David Bourget (Western Ontario)
David Chalmers (ANU, NYU)
Rafael De Clercq
Jack Alan Reynolds
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Cambridge University Press (2003)
In this book polymath William Ian Miller probes one of the dirty little secrets of humanity: that we are all faking it much more than anyone would care to admit. He writes with wit and wisdom about the vain anxiety of being exposed as frauds in our professions, cads in our loves, and hypocrites to our creeds. He finds, however, that we are more than mere fools for wanting so badly to look good to ourselves and others. Sometimes, when we are faking it, our vanity leads to virtue, and we actually achieve something worthy of esteem and praise William Ian Miller is the Thomas G. Long Professor of Law at the University of Michigan Law School. He has also taught at Harvard, Yale, Chicago, and the Universities of Bergen and Tel Aviv. His previous books include The Mystery of Courage (Harvard University Press, 2000) and The Anantomy of Disgust (Harvard University Press, 1997).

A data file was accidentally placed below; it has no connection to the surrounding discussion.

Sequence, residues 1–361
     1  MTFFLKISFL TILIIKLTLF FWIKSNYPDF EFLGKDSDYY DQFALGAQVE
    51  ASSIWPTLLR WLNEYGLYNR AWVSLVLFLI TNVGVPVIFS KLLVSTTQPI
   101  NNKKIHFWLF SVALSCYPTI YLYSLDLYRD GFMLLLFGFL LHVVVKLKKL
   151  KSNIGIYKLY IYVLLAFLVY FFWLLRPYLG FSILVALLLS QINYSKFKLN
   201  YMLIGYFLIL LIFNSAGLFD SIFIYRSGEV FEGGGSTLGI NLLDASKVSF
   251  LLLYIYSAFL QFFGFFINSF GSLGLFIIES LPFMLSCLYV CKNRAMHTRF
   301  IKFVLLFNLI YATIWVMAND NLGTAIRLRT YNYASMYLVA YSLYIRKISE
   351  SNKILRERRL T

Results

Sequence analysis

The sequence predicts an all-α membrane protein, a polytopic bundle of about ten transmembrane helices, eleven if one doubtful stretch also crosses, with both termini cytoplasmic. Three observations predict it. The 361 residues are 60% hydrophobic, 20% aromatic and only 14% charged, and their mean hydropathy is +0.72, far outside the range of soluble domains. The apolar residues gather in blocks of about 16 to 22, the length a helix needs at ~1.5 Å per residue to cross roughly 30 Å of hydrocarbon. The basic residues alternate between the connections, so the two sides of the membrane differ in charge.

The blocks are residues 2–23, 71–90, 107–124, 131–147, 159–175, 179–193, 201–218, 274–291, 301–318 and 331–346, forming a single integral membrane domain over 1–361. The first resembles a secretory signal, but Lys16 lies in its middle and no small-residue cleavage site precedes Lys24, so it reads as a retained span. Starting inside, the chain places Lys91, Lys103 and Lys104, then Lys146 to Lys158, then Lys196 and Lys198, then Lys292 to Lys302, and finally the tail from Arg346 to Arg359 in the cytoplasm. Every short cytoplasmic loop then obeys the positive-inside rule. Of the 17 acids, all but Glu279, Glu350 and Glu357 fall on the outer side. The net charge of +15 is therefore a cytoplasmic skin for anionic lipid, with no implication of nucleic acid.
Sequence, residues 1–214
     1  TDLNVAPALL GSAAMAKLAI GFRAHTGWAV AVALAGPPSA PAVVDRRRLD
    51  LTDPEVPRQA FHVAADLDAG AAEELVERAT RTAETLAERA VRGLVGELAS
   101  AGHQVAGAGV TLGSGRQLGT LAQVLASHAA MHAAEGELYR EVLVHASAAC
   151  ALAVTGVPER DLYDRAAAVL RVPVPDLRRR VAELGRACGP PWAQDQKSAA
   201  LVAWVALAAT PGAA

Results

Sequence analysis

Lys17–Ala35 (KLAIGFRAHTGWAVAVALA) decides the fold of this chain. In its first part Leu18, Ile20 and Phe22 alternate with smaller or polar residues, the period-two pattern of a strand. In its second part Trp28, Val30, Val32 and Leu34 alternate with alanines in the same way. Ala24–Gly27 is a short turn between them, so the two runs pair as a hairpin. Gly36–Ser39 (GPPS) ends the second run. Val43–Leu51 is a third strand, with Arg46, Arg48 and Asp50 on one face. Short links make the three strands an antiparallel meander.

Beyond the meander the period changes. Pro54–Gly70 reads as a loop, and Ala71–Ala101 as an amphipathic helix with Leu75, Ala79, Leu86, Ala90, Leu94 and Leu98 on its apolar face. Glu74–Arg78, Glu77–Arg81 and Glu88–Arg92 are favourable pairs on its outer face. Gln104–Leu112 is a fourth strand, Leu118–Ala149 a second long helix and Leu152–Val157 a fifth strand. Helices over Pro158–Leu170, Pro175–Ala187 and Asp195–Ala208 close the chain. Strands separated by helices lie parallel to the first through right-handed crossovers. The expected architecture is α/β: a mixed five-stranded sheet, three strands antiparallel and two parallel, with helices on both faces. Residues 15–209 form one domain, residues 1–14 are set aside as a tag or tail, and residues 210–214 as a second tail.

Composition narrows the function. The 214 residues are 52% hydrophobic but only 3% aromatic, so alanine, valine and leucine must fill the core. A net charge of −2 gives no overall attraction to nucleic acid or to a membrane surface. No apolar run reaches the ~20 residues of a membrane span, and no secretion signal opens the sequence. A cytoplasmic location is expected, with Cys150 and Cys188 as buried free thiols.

|Keywords||Identity (Psychology Social role Authenticity (Philosophy Self-doubt|
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|Buy the book||$17.60 new (38% off) $21.71 direct from Amazon (20% off) Amazon page|
|Call number||BF697.M525 2003|
|ISBN(s)||0521830184 0521613701 9780521830188|
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Citations of this work BETA
Jeanne Liedtka (2008). Strategy Making and the Search for Authenticity. Journal of Business Ethics 80 (2):237 - 248.
David P. Boyd (2011). Art and Artifice in Public Apologies. Journal of Business Ethics 104 (3):299-309.
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